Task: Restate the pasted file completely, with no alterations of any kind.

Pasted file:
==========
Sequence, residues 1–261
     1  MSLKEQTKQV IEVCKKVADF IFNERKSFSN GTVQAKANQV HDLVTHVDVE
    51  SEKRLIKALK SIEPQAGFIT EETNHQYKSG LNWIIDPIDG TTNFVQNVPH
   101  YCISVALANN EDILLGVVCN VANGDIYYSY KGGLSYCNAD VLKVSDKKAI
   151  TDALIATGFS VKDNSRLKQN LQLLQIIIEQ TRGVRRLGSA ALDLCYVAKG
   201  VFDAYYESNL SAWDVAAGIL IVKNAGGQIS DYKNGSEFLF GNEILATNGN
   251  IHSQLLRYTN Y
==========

Sequence, residues 1–261
     1  MSLKEQTKQV IEVCKKVADF IFNERKSFSN GTVQAKANQV HDLVTHVDVE
    51  SEKRLIKALK SIEPQAGFIT EETNHQYKSG LNWIIDPIDG TTNFVQNVPH
   101  YCISVALANN EDILLGVVCN VANGDIYYSY KGGLSYCNAD VLKVSDKKAI
   151  TDALIATGFS VKDNSRLKQN LQLLQIIIEQ TRGVRRLGSA ALDLCYVAKG
   201  VFDAYYESNL SAWDVAAGIL IVKNAGGQIS DYKNGSEFLF GNEILATNGN
   251  IHSQLLRYTN Y